The economic policy of the United States has in recent memory been directed almost entirely toward the goal of growth, and treated, accordingly, as the preserve of experts and corporate and financial insiders. Policy initiated outside this preserve has been limited, for the most part, to a set of narrowly defined issues (such as health care, retirement security, pollution, etc.) considered fit for democratic deliberation. This compartmentalized approach, we now know, is guaranteed to be an exercise in damage control, requiring obsessive vigilance and leaving a trail of frustration. Instead of trying to prod or seduce companies into doing what they cannot justify from a profit standpoint, we should be trying to bring everyday corporate thinking into rough alignment with the goals of society as a whole.

That will mean, as Bogle says, finding efficient ways to check the speculative excesses of today's financial markets and cut down on the tremendous amount of energy and human as well as economic resources that go into the pursuit of what he calls "aggressive financial targets" at the expense of "character, integrity, enthusiasm, conviction, and passion." It will also mean ... coming up with mechanisms to recognize the stakeholder status of longtime employees and local communities, and— as we are just beginning to do on environmental issues—bringing some of the intangible concerns of work life and community and social wealth onto the corporate balance sheet.

Devising workable policies in service of these aims; ... looking for strategic ways to loosen the hold that the free-market mythology still has on us—that is the great challenge of this fluid moment in our national story. ... The injuries examined by these books are felt, to one degree or another, by most Americans. A countermovement might eventually be as broad as the harm, reaching across some of the lines that have defined American politics, unconstructively, since the 1970s; such a movement could, in time, draw support from inside as well as outside the business world...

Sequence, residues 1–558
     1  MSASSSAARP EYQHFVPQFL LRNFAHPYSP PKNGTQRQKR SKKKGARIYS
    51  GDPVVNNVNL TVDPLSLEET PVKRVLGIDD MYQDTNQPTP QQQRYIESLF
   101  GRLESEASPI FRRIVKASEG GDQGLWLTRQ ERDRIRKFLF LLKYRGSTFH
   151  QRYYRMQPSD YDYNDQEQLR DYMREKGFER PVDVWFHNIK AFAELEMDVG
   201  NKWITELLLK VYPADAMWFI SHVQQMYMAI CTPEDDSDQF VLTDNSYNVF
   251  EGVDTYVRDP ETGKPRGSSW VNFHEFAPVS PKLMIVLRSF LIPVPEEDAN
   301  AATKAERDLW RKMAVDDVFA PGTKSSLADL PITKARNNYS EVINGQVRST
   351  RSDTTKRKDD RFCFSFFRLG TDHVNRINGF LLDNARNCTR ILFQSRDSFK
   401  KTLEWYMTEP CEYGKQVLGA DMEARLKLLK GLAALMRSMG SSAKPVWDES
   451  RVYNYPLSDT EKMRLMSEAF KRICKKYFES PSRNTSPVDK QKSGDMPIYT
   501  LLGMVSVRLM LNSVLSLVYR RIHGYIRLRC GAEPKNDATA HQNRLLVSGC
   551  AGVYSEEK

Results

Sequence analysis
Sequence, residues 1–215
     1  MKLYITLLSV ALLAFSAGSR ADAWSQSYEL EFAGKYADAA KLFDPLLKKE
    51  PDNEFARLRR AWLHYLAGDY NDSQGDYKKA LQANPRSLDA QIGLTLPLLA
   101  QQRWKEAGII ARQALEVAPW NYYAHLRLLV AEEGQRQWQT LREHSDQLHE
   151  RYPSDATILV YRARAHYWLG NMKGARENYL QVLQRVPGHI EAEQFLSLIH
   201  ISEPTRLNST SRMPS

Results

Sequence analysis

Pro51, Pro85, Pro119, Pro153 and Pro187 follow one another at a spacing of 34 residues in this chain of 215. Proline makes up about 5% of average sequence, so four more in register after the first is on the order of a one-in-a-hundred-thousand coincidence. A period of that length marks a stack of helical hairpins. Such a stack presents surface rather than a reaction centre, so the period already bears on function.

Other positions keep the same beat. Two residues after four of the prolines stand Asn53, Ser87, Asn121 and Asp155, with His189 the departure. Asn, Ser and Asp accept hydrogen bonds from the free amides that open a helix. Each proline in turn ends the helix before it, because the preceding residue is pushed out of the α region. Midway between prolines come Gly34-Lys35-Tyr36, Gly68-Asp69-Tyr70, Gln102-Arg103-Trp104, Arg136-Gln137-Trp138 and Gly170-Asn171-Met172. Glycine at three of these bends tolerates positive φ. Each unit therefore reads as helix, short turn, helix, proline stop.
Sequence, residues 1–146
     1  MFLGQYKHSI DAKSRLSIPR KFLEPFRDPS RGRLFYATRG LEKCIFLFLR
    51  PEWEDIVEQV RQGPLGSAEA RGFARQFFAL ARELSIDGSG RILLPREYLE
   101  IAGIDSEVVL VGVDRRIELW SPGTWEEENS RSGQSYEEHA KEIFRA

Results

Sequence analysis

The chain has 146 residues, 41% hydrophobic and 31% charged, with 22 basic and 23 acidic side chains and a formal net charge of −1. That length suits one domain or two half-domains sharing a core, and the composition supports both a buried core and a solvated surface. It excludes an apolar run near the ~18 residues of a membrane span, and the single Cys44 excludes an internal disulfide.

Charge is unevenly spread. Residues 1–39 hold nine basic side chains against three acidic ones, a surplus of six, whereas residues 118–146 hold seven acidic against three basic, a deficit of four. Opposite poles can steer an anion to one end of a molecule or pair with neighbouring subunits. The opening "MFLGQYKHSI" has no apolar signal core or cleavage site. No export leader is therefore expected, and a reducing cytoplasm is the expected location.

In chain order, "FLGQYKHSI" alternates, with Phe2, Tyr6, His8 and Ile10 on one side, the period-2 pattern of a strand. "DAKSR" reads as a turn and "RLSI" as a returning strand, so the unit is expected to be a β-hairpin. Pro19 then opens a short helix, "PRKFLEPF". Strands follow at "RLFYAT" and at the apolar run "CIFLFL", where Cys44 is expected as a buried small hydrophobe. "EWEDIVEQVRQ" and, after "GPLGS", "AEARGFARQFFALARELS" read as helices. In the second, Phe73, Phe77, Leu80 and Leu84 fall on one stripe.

Most Americans are troubled by the culture of dealmaking and financial engineering and insider self-enrichment that Bogle deplores; by the callous treatment of workers and work life that Uchitelle describes; by the erosion of communities and community institutions that LeRoy examines. Not very far below the political surface, most of us feel some version of the same vexed ambivalence toward corporate America—dazzled by the conveniences and comforts it delivers, yet resentful of the tradeoffs that it continually demands; few Americans would be anything but grateful if our corporations and financial institutions could develop some respect for our non-material and non-individualistic selves. It is hard to imagine such a fundamental transformation of these giant institutions. It is even harder to imagine a better world in which they remain essentially what they are.

    Posted by on Saturday, May 26, 2007 at 02:25 AM in Economics, Social Insurance | Permalink  TrackBack (0)  Comments (21)